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Page ix - TRAVEL, in the younger sort, is a part of education, in the elder, a part of experience. He that travelleth into a country before he hath some entrance into the language, goeth to school, and not to travel.
Page 169 - And Ardennes waves above them her green leaves, Dewy with nature's tear-drops as they pass, Grieving, if aught inanimate e'er grieves, Over the unreturning brave, - alas! Ere evening to be trodden like the grass Which now beneath them, but above shall grow In its next verdure, when this fiery mass Of living valour, rolling on the foe And burning with high hope shall moulder cold and low.
Page 143 - Rubens left it, it must have appeared very different ; but it is mortifying to see to what degree it has suffered by cleaning and mending: that brilliant effect, which it undoubtedly once had, is lost in a mist of varnish, which appears to be chilled or mildewed.
Page 147 - For effect 'of colour, this yields to none of Rubens's works, and the characters have more beauty than is common with him. To the painter who wishes to become a colourist, or learn the art of producing a brilliant effect, this picture is as well worth studying as any in Antwerp. It is as bright as if the sun shone upon it.
Page 8 - And sat, not as a meat, but as a guest ; And oft the Tritons, and the sea-nymphs, saw Whole shoals of Dutch served up for Cabillau; Or, as they over the new level ranged, For pickled herring, pickled heeren changed.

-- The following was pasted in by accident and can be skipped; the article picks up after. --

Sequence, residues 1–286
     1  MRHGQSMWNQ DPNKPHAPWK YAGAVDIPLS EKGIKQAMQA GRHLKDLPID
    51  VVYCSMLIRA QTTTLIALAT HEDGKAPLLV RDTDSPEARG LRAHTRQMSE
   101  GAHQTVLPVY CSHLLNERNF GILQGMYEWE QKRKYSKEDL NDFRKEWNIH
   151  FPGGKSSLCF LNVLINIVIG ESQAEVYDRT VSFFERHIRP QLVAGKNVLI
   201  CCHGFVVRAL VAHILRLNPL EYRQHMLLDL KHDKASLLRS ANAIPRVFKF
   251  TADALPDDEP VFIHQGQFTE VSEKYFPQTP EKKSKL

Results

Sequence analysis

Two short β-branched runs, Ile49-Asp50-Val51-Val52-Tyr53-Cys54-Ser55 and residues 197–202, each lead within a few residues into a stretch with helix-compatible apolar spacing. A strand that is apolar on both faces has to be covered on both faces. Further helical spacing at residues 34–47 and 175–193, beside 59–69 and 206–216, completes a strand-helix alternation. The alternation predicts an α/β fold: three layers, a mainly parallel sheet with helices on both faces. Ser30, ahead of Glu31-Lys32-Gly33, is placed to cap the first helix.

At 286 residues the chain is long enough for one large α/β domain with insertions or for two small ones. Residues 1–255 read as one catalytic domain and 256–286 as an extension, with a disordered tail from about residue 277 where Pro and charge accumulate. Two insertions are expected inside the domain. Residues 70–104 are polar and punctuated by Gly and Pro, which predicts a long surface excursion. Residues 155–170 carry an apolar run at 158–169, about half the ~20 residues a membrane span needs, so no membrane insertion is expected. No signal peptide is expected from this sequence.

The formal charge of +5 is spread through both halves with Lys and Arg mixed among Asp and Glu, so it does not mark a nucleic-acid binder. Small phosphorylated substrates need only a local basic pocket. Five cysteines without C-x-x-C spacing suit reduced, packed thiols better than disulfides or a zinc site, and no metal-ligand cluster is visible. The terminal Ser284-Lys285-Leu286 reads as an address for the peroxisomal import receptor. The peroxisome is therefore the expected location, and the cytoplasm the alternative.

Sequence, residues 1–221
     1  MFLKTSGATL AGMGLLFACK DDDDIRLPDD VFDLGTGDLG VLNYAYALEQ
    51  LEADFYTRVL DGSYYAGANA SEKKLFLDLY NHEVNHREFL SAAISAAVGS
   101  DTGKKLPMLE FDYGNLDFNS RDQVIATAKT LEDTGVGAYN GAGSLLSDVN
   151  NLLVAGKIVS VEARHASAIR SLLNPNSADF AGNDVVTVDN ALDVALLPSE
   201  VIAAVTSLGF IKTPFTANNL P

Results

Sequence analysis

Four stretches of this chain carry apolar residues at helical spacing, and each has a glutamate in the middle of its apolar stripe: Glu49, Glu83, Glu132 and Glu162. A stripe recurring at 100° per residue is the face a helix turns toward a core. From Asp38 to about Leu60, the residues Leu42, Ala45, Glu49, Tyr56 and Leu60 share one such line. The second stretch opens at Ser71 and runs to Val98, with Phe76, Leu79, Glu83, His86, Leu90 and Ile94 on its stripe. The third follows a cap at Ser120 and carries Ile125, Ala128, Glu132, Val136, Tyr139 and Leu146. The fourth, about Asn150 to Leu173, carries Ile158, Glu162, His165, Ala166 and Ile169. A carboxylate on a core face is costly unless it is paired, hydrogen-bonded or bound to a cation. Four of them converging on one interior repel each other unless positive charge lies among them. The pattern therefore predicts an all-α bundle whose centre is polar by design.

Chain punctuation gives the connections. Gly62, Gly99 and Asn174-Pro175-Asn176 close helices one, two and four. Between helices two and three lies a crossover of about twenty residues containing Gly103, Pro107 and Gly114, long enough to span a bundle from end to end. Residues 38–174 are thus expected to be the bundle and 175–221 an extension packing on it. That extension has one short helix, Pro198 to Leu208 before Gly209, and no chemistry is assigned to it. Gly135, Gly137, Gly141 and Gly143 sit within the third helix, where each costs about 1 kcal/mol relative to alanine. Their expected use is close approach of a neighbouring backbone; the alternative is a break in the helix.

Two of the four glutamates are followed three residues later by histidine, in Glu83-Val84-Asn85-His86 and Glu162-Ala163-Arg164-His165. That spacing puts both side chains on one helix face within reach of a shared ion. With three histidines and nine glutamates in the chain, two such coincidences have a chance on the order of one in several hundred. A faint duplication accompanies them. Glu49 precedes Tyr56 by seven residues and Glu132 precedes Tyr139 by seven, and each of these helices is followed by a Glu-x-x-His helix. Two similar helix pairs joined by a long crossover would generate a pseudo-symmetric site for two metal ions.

Page 8 - Transfusing into them their dunghill soul. How did they rivet, with gigantic piles, Thorough the centre their new-catched miles ; And to the stake a struggling country bound Where barking waves still bait the forced ground ; Building their wat'ry Babel far more high To reach the sea, than those to scale the sky...
Page 96 - Ghent, had been during a century noted for their republican spirit and contumacious defiance of their sovereign. Liberty never wore a more unamiable countenance than among these burghers, who abused the strength she gave them by cruelty and insolence.
Page 8 - Holland, that scarce deserves the name of land, As but the offscouring of the British sand, And so much earth as was contributed By English pilots when they heav'd the lead ; Or what by th...
Page 151 - The head of the Christ is rather a good character, but the body and arms are heavy : — it has been much damaged. On the inside of the two folding doors are portraits of the Burgo-master and his wife, half-lengths : his is a fine portrait; the ear is remarkably well painted, and the anatomy of the forehead is well understood. Her portrait has no merit but that of colour.
Page 149 - Herod, and that of a fat man near the Christ, are excellent. The painter's own portrait is here introduced. In the banquet, the daughter is rather beautiful, but too skinny and lean ; she is presenting the head to her mother, who appears to be cutting it with a knife.